|In nine out of 10 murders of journalists worldwide, the killers escape justice; join the fight to end impunity! #noimpunity #endimpunity #speakjusticenow
“The certainty of impunity allowed the event to happen in the central park of the town.”
—The International Commission against Impunity in Guatemala on the 2015 murder of journalist Danilo Efraín Zapón López. Zapón López was gunned down in broad daylight in a popular public park.
New leaders must address impunity in Africa
Two countries with poor records of prosecuting assaults against journalists have newly elected leaders. CPJ has written to the presidents of the Gambia and Somalia to urge them to address impunity. Join us in calling on presidents Adama Barrow and Mohamed Abdullahi Mohamed to make justice in journalist killings a top priority.
|● Marcos Hernández Bautista (CPJ)
A rare conviction in Mexico
On March 3, 2017, a court in the western Mexican state of Oaxaca convicted a police commander of the January 2016 murder of journalist Marcos Hernández Bautista. Bautista reported on social issues and corruption. More than two dozen cases of journalists murdered in connection to their work since 1992 in Mexico, number six on CPJ’s Global Impunity Index, remain unsolved. “While this is an encouraging first step toward addressing anti-press violence, justice will remain incomplete until the mastermind has been apprehended,” said Carlos Lauría, CPJ’s senior program coordinator for the Americas, in a statement following the conviction.
Congressman under investigation for murder of Guatemalan Journalist
In February, Guatemala’s International Commission Against Impunity in Guatemala (CICIG) and Public Prosecutor’s office filed a petition against Congressman Julio Juárez Ramírez accusing him of masterminding the 2015 assassination of journalist Danilo López. At the time of the killing, López had been writing about government corruption and was investigating the congressman for tax irregularities. Several other suspects have been arrested in connection to the murder. Violence against journalists has been increasing in Guatemala in recent years, but most investigations bring little information to light, CPJ reported last year.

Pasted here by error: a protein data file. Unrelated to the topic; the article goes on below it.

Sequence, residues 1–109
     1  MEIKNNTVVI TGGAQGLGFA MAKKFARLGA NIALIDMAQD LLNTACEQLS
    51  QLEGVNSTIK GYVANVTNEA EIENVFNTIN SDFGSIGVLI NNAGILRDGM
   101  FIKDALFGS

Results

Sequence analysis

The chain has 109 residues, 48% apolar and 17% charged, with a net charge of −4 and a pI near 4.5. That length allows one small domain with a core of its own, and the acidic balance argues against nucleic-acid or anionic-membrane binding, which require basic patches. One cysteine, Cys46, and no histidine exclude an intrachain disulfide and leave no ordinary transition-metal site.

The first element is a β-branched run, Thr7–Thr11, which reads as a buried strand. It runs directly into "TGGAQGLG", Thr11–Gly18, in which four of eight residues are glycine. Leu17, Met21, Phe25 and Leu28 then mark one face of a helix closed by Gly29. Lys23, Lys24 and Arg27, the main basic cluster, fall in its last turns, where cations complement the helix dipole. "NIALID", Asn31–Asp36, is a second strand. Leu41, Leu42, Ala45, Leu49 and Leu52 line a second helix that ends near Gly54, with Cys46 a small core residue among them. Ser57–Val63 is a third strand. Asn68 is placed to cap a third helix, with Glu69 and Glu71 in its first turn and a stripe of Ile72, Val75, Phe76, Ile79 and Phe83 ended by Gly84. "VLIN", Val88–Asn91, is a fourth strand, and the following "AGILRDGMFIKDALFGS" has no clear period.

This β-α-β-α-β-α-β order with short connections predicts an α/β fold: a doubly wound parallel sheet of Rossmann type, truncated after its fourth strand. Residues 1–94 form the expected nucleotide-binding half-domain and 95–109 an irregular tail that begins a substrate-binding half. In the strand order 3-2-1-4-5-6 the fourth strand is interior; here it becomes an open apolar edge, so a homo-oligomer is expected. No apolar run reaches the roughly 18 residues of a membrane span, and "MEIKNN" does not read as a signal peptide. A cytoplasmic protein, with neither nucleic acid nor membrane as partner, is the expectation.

New arrests in Sri Lanka killing and abduction
In Sri Lanka, five military intelligence officers were arrested in late February in connection to the 2009 assassination of prominent editor Lasantha Wickrematunge and the abduction and beating of journalist Keith Noyahr in 2008. Another officer was arrested last year in connection to Wickrematunge’s murder. Sri Lankan President Maithripala Sirisena, elected in January 2015, pledged to reopen investigations into journalists killed or disappeared during the last 30 years but to date no suspects have been convicted.
Ex-policeman claims killed journalist in Philippines on Duterte’s orders
At a press conference at the Philippine Senate last month, former policeman Arturo Lascanas claimed he assassinated radio commentator Juan Pala in 2003. Lascanas also said that Davao City mayor, now President Rodrigo Duterte ordered and paid for the murder. Lascanas is the second suspect in the case to testify the killing was carried out at Duterte’s behest. Duterte has denied any connection to the crime. The Philippines is number four on CPJ’s Impunity Index. At least 67 journalists have been murdered with impunity there since 1992. CPJ has called on authorities to fully investigate the allegations.
Journalism declared likely motive behind murder in Ukraine
Ukrainian authorities on February 8 announced they believe journalism was the motive behind last year’s murder of prominent Belarusian-Russian journalist Pavel Sheremet. Sheremet was killed when an explosive device detonated under the car he was driving in Kiev in July 2016. Ukraine’s Interior Minister told journalists in Kiev that police believe Sheremet was killed in retaliation for his work, and that the killers were hired. CPJ honored Sheremet with its International Press Freedom Award in 1998 and will publish a special report this year on the investigation into Sheremet’s murder.
|● Right to left: Joel Simon, CPJ Executive Director, António Guterres, UN Secretary General, Christophe Deloire, RSF Secretary General, David Callaway, board nominee for president of the World Editors Forum.
UN Secretary General Pledges Action to Protect Journalists
In a February 23 meeting with the executive directors of Reporters Without Borders (RSF) and CPJ, U.N. Secretary General António Guterres agreed to take steps to address the safety of journalists. At the meeting, the groups reiterated the call of the #protectjournalists campaign, led by RSF, calling for the appointment of a special representative to the UNSG to promote safety of journalists and end impunity.
UK House of Commons adopts Magnitsky legislation
The United Kingdom House of Commons adopted an amendment to the country’s criminal finances bill that expands the definition of unlawful conduct to include human rights abusers, allowing the government to freeze their assets in the UK. The country is the third to adopt “Magnitsky legislation,” named after Russian lawyer and whistleblower Sergei Magnitsky, who died in Russian custody in 2009. Similar legislation has been adopted in the United States and Estonia. Last year CPJ examined how the U.S. Magnitsky Act could help in the fights against impunity in journalist attacks.
Learn more about the problem of impunity and how it impacts press freedom here.